While sitting in a 4th grade classroom observing the math lesson, a lot of thoughts ran through my mind. They ranged from “When’s lunch?” to “Wow, I completely forgot that the point where two lines meet to form an angle is called a vertex.” And I couldn’t believe they were already learning this.
Personally, I don’t remember learning things like this, especially vocabulary like “vertex,” when I was 10 years old. What I remember doing was making pop-up books and preparing skits about Greek myths. After teaching a couple of times at different grade levels and having to read over the frameworks and guidelines for teachers, I’ve come to notice the changes that have occurred in elementary schools. School is no longer about having fun and encouraging creativity, but rather, trying to cram material inside children’s heads for the sole purpose of standardized testing.
Now, I’m not saying that all teachers are solely concerned with testing scores, but it is undeniable that frameworks and rules have become much more rigid. Instead of giving room for teachers to add in their own ideas or creativity, it seems that the frameworks have come to the point of making sure that students achieve a certain test score. In states like Massachusetts that have standardized tests, it is much more tempting to go with what’s in the book and simply aim to get the students to achieve a higher test score. The emphasis on learning a range of topics seems to diminish.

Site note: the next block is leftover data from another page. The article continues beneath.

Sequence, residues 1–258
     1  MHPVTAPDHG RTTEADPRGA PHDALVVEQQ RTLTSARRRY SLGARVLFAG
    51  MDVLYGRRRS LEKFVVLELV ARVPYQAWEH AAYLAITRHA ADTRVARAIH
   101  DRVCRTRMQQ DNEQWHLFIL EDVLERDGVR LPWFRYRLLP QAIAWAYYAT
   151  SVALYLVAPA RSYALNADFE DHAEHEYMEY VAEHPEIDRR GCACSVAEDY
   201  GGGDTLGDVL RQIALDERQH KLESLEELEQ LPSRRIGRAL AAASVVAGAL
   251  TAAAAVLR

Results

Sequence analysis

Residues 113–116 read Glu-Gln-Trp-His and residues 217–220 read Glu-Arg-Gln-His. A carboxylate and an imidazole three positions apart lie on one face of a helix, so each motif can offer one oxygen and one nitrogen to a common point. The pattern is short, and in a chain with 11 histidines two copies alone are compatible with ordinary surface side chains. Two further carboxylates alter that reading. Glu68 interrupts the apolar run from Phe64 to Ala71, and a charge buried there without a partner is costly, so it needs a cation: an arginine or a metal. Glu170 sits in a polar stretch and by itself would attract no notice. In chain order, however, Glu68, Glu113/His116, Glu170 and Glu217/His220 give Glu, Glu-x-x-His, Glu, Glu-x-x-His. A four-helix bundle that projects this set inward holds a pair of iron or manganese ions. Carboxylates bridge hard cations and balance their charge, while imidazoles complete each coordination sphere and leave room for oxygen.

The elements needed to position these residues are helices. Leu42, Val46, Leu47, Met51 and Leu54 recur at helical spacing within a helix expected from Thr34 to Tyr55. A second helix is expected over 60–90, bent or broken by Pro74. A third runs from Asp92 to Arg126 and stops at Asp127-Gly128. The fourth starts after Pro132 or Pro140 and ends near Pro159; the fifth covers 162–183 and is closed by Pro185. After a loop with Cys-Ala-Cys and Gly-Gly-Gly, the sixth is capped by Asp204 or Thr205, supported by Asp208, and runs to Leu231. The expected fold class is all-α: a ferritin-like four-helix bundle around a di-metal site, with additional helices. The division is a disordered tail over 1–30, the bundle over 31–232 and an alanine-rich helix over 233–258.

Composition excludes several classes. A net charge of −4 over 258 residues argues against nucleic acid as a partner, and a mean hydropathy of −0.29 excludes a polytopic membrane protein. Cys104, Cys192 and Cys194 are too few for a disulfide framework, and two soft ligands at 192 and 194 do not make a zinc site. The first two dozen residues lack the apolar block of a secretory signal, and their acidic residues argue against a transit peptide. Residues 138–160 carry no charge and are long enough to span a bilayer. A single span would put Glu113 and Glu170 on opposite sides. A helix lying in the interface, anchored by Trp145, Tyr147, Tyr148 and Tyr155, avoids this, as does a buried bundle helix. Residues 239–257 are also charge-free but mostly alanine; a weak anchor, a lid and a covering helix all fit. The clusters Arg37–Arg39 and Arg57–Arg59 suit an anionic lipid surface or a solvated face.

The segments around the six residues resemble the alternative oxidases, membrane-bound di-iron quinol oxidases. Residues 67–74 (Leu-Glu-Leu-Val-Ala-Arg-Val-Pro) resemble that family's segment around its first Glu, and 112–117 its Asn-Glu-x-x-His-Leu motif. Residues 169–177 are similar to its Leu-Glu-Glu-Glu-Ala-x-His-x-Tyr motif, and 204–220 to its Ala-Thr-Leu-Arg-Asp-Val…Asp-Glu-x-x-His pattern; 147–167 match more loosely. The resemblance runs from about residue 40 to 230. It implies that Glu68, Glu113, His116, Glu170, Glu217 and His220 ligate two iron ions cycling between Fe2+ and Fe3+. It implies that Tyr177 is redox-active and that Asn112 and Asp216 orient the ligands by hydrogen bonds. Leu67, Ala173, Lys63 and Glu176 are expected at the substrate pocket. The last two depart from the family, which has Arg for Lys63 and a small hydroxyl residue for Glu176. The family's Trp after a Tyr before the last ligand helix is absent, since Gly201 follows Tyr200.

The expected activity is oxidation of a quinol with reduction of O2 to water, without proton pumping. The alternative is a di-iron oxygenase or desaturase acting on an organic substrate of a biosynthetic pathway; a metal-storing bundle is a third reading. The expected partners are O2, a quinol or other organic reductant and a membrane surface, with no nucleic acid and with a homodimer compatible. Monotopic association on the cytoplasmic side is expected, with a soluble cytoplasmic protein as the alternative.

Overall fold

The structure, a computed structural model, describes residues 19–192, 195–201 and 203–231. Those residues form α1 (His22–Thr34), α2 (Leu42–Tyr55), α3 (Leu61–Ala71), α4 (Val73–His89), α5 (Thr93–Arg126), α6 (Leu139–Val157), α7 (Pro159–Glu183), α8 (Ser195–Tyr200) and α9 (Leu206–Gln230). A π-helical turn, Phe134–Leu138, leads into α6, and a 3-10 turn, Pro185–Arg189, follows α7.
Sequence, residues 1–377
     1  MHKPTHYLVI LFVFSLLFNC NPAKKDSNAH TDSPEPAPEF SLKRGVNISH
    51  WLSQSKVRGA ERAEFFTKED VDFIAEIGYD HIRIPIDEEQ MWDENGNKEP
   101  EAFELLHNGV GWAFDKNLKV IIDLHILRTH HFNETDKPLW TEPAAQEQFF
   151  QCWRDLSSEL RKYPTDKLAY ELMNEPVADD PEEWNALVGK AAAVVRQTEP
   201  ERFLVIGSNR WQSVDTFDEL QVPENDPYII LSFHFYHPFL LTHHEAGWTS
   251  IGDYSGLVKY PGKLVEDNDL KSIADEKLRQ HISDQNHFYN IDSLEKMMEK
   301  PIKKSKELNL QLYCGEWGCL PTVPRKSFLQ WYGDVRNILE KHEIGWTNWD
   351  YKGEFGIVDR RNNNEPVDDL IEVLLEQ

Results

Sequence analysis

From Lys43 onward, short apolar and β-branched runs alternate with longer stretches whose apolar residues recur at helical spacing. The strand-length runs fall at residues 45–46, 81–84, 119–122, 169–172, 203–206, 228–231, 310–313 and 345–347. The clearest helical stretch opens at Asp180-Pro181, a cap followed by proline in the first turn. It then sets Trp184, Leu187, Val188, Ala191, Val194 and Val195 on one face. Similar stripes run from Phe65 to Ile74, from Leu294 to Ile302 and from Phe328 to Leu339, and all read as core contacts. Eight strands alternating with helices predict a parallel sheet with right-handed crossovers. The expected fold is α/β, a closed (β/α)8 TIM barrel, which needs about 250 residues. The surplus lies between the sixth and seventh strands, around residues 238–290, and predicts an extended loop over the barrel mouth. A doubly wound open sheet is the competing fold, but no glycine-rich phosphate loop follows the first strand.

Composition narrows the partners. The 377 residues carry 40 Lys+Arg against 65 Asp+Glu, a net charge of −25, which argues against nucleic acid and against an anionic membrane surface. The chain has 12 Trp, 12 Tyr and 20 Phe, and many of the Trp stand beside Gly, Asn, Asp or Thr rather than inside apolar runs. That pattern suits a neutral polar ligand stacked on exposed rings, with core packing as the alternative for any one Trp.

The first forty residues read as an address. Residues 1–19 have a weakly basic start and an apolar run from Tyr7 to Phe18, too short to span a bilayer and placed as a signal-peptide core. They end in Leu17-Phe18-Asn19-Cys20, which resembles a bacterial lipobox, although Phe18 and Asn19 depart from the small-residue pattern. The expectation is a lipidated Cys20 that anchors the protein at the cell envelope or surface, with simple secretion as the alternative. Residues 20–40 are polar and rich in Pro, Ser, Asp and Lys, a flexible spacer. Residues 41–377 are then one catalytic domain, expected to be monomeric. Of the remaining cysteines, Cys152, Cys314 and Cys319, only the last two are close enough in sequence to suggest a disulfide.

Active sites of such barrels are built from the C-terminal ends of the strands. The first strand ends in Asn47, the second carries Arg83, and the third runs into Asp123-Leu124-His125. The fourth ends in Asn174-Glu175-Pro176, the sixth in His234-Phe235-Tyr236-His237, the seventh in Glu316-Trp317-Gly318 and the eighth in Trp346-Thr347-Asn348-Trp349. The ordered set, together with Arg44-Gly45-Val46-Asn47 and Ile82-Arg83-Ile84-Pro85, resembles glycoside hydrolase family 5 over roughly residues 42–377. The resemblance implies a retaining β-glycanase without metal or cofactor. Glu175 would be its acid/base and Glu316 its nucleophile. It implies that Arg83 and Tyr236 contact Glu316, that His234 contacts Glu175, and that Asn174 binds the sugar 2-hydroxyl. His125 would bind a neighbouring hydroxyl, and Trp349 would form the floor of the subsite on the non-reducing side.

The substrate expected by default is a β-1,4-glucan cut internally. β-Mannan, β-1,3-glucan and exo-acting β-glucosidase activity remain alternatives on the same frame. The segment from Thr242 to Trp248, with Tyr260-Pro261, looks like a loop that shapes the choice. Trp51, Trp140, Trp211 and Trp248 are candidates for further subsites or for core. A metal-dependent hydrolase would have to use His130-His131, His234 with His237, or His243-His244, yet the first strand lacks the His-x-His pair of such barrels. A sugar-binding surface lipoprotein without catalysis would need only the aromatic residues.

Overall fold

I am currently taking a class called ‘Teaching Social Sciences and Arts” and it often saddens me how little social studies is being taught at schools for the reason that it is not tested on. Teachers are focusing less on the topic and feel like they have no motivation to teach it, especially if they have no passion for the subject at hand. When my professor asked me, “Honestly, how much do you remember from your social studies class in elementary school?”, it made me embarrassed by how little I knew. I barely remembered that I was learning something to do with American History for most of the time, but I couldn’t list or name a specific topic that stuck with me.
It would be wrong for me to solely blame the teachers. While teachers do have power in the classroom, there is only so much they can do when the school system is enforcing a rule, especially if they don’t want to lose their jobs. While testing, assessment, and evaluating how much a student has learned are all important parts of the school curriculum, it is also important for school systems to understand that there’s more to education than testing.
Furthermore, school systems must realize that testing might not be the way to determine how much a student has learned from a class. How many times have we said, “I’m a bad tester"? How many times have we felt that we could better represent our abilities and ourselves if we were interviewed or were required to write an essay instead being tested on questions with only 4 narrow answer choices?
While making common core standards more rigid might help teachers know what subjects to cover in class, we must consider the downfalls it imposes on children. The lack of variety in classrooms and the decline of creativity are not things we want to see in the future.